A surprising number of people play (either singly or in groups) with the ouija board; and a surprisingly high proportion tend to take literally the messages or commands which are spelled out. Usually there is little justification for this, and both spiritualists and psychic research workers issue warnings against developing an obsessive interest in the board's pronouncements. Dr. Albert Durrant Watson, who was president of a now defunct organization-the Society for Psychic Research, Canada-wrote to this effect in
the early 1920s. "Howsoever we may waver in our theories of the source of matter communicated through ouijary [i.e. via a ouija board] we can be certain of the fact that continual use of the board is prejudicial to that end towards which all education should bend-careful and vigorous thinking" (Watson and Lawrence, 1923).
It is possible that sometimes there is an ESP element in the "messages" spelled out on the ouija board, but usually they merely reflect the fantasies or wishful thinking of the operators.
The most experienced and gifted psychics have to guard against not fantasy but logic. If a psychic impression is received it may well be an isolated scrap of information and the meaning totally obscure. For example, I recall a woman of considerable psychic talent giving an experimental reading on another woman, who was completely unknown to her. At one stage the psychic lady said with some irritation, "I get 'Aggie,' and I get 'bandit.' What's bandit got to do with it?" Actually, Aggie is the second lady's mother, and Bandit is the name of Aggie's cat! One can easily imagine a puzzled psychic trying to reason out the meaning of "bandit"-was Aggie about to be captured by bandits, etc., etc? Douglas Johnson says that he has to take care not to try to deduce logically what some of his psychic impressions mean. They are best reported in their raw form without attempting interpretation.
This may be one reason why some psychics like Jim Wilkie deliver their impressions at a very fast rate-a precaution against their being adulterated by conscious reflection. Wilkie has several modes of acquiring knowledge by ESP. Since the age of twelve he has been able to go into the trance state. Allen Spraggett (1967) has described how Jim goes voluntarily into a trance state by relaxing in an armchair, closing his eyes, and breathing steadily. After a while he slumps in a limp condition. After a further interval his muscles tauten and he sits up again in a dignified posture. Though his eyes remain closed his face takes on a somewhat imperious and authoritative expression with a somewhat Oriental look. He then speaks with a voice differing considerably from the one he talks with in his normal waking state. It is as if the mind of a totally different person occupies Wilkie's body. This person calls himself Rama and describes himself as an ancient Egyptian who lived by the Upper Nile about 2000 B.C. When he awakens from the trance Jim Wilkie has no recollection of what Rama has said. This is usual with trance mediums, as they are called. Douglas Johnson has a trance personality, Chiang, who describes himself as a Chinese of the medieval period. Like Wilkie with Rama, Johnson is unaware of what Chiang says during the trances.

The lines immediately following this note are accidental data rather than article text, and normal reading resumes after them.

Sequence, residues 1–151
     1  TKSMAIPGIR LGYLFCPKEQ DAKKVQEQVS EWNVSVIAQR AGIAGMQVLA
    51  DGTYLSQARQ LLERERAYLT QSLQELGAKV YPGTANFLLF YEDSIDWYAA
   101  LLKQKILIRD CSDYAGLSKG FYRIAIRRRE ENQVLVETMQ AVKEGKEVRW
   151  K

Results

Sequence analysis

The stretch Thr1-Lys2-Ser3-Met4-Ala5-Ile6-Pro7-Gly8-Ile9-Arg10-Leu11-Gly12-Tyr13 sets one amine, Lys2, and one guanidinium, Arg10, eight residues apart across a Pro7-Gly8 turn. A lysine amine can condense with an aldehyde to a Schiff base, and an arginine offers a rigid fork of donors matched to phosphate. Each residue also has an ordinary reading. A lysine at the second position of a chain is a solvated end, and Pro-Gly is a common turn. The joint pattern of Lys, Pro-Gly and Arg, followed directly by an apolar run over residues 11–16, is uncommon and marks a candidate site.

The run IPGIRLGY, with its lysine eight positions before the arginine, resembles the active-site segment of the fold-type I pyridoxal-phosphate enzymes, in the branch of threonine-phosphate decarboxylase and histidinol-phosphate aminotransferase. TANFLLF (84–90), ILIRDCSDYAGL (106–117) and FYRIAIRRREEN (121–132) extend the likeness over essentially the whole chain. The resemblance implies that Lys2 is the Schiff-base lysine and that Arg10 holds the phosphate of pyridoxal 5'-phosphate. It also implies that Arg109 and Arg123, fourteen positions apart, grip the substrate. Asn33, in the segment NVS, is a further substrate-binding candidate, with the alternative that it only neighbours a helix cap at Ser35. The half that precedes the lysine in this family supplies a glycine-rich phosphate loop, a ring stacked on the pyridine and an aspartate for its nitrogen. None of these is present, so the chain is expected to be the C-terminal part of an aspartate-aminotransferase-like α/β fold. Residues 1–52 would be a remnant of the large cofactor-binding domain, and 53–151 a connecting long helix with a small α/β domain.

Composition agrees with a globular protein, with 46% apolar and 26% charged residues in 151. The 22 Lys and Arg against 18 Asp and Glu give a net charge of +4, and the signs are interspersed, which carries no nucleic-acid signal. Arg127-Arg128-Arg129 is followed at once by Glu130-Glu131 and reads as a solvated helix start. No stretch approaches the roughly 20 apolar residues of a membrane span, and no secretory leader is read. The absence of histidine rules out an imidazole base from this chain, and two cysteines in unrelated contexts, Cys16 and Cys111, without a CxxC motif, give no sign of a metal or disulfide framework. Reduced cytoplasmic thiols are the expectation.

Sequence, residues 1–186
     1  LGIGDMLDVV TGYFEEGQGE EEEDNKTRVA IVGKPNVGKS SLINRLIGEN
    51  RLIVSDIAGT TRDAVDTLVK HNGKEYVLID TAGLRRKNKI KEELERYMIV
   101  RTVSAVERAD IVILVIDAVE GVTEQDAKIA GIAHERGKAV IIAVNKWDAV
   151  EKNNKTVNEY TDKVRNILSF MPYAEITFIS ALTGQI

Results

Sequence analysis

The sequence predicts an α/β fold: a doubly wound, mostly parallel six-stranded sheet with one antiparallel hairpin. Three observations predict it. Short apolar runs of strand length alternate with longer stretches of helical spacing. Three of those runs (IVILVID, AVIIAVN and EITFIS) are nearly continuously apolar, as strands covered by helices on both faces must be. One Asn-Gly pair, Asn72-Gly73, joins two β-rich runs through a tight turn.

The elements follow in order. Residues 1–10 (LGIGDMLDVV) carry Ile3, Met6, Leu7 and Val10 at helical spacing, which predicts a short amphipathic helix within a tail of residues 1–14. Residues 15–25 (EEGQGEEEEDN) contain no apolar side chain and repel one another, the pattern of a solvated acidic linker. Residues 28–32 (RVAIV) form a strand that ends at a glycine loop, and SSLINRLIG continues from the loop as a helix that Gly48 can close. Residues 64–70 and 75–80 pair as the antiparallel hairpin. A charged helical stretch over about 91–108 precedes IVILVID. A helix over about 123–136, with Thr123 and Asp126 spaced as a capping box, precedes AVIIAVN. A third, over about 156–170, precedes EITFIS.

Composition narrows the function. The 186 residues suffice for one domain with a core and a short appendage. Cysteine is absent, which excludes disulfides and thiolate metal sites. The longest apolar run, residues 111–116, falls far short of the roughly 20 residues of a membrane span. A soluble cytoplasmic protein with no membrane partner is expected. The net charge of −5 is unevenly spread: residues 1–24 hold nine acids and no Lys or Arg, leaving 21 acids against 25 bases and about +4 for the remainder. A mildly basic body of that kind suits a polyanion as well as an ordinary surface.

What is rather unusual among trance mediums is for them to be able to communicate with their "guides" (as personalities like Chiang or Rama are called) when they are in the normal waking state. But Wilkie says that while in his normal conscious state if he wants to know something he asks Rama and "Rama tells me." Whether Rama is a spirit or a construction of Wilkie's mind is extremely hard to decide. However, Wilkie says that he does acquire a lot of information by ordinary ESP without the intermediacy of Rama. His ESP feats include hunches and sudden psychic impressions such as he described in his own book (Wilkie, 1971) and traveling clairvoyance, as well as extremely insightful readings given on sitters in his presence. Like Johnson and other distinguished psychics, he is also adept at the strange art of psychometry, which we mentioned in an earlier chapter.
Jim Wilkie also has a method of working which does not seem to be psychometry but resembles psychometry to the extent that it exploits a kind of link or "ESP channel" by which information flows into his mind. He can get a very good impression of a person's character and circumstances from a quick glance at a sample of that person's handwriting, even though he is quite ignorant of handwriting analysis and makes no attempt to analyze the handwriting word by word or letter by letter. My wife and I did an experiment in which I showed Jim nine anonymous handwriting samples. Each specimen was a copy of the same text, which had been adopted on the advice of a qualified handwriting expert. The reading on each sample was dictated to me at great speed. Jim looked at the specimens very casually and briefly and I could not feel that he was actively analyzing the handwritings.